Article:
I think that’s about it for now. My online research has led me to me into some dense documents which I am still digesting, including The Environmental Master Plan for the City of Windsor, Ontario (my hometown) and the Canadian Water Act. I hope to review both of these in future posts.

Monday, May 5, 2008

Old Fashioned Car Washing Isn't Kind

I never thought about the environmental impact of washing a car in the driveway, but according to the website www.cleanlakes.ca:
All the soap, scum and oily grit runs along the curb, then into the storm drain and directly into creeks, rivers and ultimately our Great Lakes. This causes pollution, which is unhealthy for fish and contaminates our drinking water sources.

Clean Lakes offers these tips to make sure you are not contributing to the problem:

The best choice is to take your car to a commercial car wash that recycles the water and sends dirty water to the sanitary sewer, especially if you plan to clean the engine or the bottom of your car. Many car washes re-use wash water several times before sending it to the sewer system for treatment.

If you must wash your car at home, use soap sparingly. Use a hose nozzle with a trigger to save water.

Pour your bucket of soapy water down the sink when you're done, not in the street.

While I haven't washed my car in my grandfather's driveway for years, I have been emptying buckets of soapy water into the street after washing my windows. Yikes! I won't be doing that again. As for knowing which car washes in fact handle soapy water properly, you'd have to make inquiries at the independent car washes and hope that you get an honest answer. I checked Sunoco's website, because I use either their EcoWash drive-through or the less costly self-wash stalls, and this is what it states:

Sunoco uses the finest and most ecologically sound products. Sunoco only uses EcoLogoM products.

A Sunoco ecowash car wash uses the same amount of water as you would washing your car at home or even less. And the water that drains to the sewer system at a Sunoco ecowash car wash is treated and contains no harmful pollutants.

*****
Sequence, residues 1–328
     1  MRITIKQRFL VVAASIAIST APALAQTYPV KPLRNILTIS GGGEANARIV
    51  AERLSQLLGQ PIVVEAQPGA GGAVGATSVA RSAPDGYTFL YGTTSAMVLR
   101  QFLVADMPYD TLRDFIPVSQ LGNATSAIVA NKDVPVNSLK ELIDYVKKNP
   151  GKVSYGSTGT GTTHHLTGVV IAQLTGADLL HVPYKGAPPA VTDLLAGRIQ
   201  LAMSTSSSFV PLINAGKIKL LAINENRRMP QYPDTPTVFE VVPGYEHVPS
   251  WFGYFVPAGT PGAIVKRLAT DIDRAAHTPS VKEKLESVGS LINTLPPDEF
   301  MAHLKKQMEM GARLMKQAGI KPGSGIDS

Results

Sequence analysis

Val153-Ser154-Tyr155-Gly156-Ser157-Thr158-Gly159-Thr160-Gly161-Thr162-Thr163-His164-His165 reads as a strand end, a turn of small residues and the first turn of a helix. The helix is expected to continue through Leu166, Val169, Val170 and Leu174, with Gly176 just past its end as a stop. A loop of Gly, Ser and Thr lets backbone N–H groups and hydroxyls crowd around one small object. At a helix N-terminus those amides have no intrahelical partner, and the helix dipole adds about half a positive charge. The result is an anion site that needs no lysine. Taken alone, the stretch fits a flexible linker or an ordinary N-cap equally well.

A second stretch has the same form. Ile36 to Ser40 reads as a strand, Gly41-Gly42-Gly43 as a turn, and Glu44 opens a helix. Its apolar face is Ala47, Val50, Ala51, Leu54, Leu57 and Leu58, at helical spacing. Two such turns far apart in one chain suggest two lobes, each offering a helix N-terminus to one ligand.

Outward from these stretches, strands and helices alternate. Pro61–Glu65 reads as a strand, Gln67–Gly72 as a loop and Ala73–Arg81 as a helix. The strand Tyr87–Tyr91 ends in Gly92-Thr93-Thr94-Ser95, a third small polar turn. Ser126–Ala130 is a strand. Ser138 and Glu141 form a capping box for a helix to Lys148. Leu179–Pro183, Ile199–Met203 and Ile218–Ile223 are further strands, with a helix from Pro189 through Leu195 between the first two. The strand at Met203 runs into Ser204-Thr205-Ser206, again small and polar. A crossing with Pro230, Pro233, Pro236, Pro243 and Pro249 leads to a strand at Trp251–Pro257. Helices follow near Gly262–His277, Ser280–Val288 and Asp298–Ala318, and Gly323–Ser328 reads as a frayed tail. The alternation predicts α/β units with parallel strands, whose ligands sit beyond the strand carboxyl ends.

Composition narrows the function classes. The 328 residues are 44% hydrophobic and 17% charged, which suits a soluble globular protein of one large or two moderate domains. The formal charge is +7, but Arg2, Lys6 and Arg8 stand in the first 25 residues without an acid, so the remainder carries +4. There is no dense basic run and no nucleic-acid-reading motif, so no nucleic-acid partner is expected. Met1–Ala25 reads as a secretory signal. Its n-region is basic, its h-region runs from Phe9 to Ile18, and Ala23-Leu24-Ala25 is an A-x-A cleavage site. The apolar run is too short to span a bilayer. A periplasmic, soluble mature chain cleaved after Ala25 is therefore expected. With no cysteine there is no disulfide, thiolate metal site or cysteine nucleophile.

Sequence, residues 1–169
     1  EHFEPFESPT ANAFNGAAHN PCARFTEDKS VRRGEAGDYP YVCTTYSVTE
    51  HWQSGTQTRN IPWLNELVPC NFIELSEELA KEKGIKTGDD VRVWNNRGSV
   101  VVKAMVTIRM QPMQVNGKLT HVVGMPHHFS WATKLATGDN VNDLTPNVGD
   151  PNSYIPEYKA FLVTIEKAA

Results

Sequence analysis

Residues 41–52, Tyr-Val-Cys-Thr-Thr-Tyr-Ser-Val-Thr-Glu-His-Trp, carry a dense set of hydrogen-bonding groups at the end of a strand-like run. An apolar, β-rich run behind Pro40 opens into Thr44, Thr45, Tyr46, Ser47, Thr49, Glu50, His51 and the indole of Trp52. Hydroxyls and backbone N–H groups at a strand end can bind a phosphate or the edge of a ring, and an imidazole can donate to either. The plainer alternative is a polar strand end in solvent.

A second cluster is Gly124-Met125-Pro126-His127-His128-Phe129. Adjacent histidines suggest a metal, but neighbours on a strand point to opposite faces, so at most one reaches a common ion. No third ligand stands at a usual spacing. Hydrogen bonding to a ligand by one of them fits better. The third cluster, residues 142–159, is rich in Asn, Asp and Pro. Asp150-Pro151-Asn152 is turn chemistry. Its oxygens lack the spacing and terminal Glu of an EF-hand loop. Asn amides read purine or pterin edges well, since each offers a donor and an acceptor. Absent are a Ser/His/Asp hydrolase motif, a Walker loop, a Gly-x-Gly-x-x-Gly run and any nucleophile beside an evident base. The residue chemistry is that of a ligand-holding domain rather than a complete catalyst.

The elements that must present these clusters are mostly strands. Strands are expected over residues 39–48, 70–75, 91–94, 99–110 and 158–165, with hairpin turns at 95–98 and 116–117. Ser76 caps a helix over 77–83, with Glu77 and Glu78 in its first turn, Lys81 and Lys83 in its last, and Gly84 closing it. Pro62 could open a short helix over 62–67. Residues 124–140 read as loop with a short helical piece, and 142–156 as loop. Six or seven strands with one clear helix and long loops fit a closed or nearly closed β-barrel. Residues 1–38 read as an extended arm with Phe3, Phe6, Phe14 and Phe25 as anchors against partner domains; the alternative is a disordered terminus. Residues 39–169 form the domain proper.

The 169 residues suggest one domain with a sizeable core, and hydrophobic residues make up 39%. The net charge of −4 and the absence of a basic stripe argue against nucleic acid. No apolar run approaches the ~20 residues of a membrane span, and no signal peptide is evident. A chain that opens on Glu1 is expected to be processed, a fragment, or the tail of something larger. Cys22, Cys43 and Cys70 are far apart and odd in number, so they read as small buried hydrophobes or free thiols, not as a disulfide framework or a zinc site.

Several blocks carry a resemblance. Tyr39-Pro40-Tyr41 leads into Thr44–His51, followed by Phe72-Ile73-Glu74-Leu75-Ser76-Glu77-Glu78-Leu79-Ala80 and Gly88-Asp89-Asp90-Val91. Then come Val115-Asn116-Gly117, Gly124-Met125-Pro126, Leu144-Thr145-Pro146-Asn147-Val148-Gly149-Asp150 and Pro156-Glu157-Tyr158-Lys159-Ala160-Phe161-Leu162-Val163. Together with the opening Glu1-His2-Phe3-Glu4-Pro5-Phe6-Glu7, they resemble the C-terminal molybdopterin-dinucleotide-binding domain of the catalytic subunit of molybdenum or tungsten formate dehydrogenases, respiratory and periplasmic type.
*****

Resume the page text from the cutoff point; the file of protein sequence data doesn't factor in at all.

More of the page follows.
Biodegradable soap and wax is used with soft, hot water.

I used to vaguely wonder about the environmental impact of using a car washing system created by an oil company, but now I can feel good about going to Sunoco. Not being familiar with EcoLogo, I googled it just to make sure that it is legitimate. It is a North American certification program run by an environmental marketing agency called TerraChoice which meets ISO 14024 standards - which is good.

The Clean Lakes website has good pictures and information about the evils of car washing, pet waste, leaky car engines and lawn fertilizer, but does not actually explain what kind of organization it is. The City of Windsor is depicted as a "partner" along with other Ontario municipalities, but nowhere does the site explain what that means. Too bad. Maybe I'll get to the bottom of that one day. For now, I'm satisfied to learn about the evils of old school car washing.

Thursday, May 1, 2008

1,001 Ways

A Review of 1,001 Ways to Save the Earth, by Joanna Yarrow

Put out by chroniclebooks.com, a San Francisco-based publisher, the soft-cover 1,001 Ways to Save the Earth is enticingly small in size (the format is 13 cm high and only 11 cm wide), yet hefty, containing 384 thick coloured pages, each one with its own unique graphic design. The cover art and illustrations are fun, representing various activities, objects, plants and outdoor spaces in a charmingly naïve style. This little book called out to me in Chapters, one of only two copies left in a prominent section of the store that was featuring new books with environmental themes. It had the title that tugged at my conscience, and the visual energy of a Labrador puppy, so I brought it home with me.